Funding fallout

5th September 2003 at 01:00
Ministers want schools to focus on leadership and quality. But many are still reeling from the cash crisis. Martin Whittaker reports

Caught out by the severity of this year's funding crisis, many heads and governors have been forced into short-term economies or to spend any reserves they have.

Even well-run and successful schools with rising rolls have felt the pinch.

So far most have resisted making staff redundant. As The TESSHA staffing survey last week showed, more have resorted to the expedient of not replacing staff when they leave.

The worry for heads and governors is that falling back on reserves, leaving the roof to leak or hoping the right staff will go voluntarily are not sustainable strategies.

Nobody knows if the extra pound;400 million the Government has found for school budgets next year will be enough to make up for this year's cuts and next year's cost increases. The Department for Education and Skills has no idea how many schools are already in the red or have blown their reserves to stay solvent.

Many more schools may soon have to consider compulsory redundancies to ensure they can cover the curriculum. There is even evidence in The TESSHA survey that some schools are having to dismiss experienced staff to take on cheaper ones - a problem that could get worse as more teachers move on to and up the upper pay spine.

Sheelagh Tickell, head of Goathland primary in Newcastle upon Tyne, had to make four teachers redundant at the end of last term, because of a "massive" budget cut as well as falling rolls. Three went voluntarily, but one redundancy was compulsory.

"I've been a head here for 14 years and last year was the worst year of my teaching career. Having to go through compulsory redundancy with all the nominating and staff filling in skills audits was horrendous. The staff understood, but it was very unhappy last term. They felt sorry for those who were going who didn't particularly want to go."

Employment laws mean it is difficult to make quick savings this way. Even if a school budget is set by the end of March, it is hard to complete the formal procedures by the end of May, meaning the employee stays on the payroll until December. By this time schools need to sack two members of staff to save one full salary - another reason to contemplate the worst sooner.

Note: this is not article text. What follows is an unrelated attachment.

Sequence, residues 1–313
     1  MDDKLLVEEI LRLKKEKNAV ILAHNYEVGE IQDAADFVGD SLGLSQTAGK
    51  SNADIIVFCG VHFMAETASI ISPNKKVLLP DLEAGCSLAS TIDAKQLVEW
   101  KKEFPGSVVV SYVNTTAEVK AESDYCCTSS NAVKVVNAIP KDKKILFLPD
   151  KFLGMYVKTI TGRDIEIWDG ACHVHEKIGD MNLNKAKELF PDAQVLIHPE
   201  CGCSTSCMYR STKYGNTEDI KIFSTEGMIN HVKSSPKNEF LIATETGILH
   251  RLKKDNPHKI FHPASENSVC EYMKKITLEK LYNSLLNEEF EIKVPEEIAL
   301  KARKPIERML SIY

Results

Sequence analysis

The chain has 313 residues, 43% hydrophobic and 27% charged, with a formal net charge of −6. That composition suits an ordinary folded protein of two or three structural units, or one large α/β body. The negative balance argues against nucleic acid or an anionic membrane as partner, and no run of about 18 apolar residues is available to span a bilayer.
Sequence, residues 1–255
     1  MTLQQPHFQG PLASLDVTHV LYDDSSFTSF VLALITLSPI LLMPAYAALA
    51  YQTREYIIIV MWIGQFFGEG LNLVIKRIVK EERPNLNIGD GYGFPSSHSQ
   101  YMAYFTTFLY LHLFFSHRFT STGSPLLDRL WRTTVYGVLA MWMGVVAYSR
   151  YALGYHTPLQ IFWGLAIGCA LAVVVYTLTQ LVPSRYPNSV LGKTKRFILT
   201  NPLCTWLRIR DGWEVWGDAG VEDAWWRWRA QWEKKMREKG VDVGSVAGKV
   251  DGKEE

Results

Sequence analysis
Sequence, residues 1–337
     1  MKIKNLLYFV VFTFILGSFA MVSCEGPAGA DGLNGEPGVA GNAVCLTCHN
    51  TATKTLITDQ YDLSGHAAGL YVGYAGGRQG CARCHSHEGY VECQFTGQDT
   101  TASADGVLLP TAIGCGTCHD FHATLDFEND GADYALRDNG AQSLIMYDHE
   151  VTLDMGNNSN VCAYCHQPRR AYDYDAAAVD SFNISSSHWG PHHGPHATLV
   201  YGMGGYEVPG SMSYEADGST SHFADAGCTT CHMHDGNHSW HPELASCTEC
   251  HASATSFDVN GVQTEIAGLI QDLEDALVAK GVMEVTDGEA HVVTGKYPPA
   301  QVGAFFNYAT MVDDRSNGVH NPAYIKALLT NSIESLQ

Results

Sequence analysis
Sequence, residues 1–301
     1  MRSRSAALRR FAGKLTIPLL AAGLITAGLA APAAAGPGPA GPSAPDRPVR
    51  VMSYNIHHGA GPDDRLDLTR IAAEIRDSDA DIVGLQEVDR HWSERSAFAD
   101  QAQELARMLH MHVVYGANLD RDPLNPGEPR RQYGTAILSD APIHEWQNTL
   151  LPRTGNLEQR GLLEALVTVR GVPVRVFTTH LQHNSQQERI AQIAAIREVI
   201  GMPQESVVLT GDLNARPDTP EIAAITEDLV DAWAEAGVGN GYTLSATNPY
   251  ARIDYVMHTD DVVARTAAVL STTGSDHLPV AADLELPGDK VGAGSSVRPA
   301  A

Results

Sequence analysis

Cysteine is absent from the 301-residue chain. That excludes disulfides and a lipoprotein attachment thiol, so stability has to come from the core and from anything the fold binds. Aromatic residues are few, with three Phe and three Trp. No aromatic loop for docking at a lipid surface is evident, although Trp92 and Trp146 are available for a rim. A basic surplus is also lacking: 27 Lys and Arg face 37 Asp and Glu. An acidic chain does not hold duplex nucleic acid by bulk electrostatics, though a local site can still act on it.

But how well-prepared are heads and governors to tackle the fallout from all this?

David Hart, general secretary of the National Association of Head Teachers, says some head- teachers are buckling under the strain, just as the Government says they should focus on leadership and the quality of teaching and learning.

"The reality is they have spent a great deal of time balancing their budgets, or creating deficit budgets and negotiating with their local authorities, and preparing recovery plans.

"In a significant number of schools, heads feel that the back end of the spring term and the whole of the summer term has been taken up by one subject."

The Secondary Heads Association is getting an increasing number of calls as a result of the crisis. "The proportion of heads and other school leaders who are distressed and tired and have had enough is going up," says Martin Ward, SHA's deputy general secretary.

At Driffield school in the East Riding the leadership team is facing even longer hours on top of an already crippling workload as four senior staff, including two assistant heads, have not been replaced. Head Michael Chapman says: "It's crisis management of the worst kind, and that's what makes us particularly angry and frustrated because we take great pride in our strategic planning."

The crisis has also left school governors reeling, just as their management role comes under greater focus in the new Office for Standards in Education inspection framework from September. For many it will be the first time they have had to steer a school through a budget crisis.

Paul Black is a school governor who has published a training course on coping with redundancy in schools. He says: "When we get involved in school governance, you don't go in expecting to have to wield the axe over individuals' livelihoods and jobs. That can be a traumatic shock."

Carol Woodhouse is treasurer of the National Association of Governors and Managers and governor of a small Devon primary that has seen its budget cut. She says: "You're promised you're going to have an increased budget and then you find out that you've got a decreased budget. You're left saying what faith have we got in the Government when it makes statements about increased funding for schools?"

The National College for School Leadership is investigating the need for extra targeted training in strategic financial management for heads, which may be available online by next spring.

NCSL chief executive Heather Du Quesnay says good leaders will rise to the tough challenge.

"Great leaders are very good at turning adversity into opportunity. If we let it become a calamity, the people who suffer ultimately are the children."

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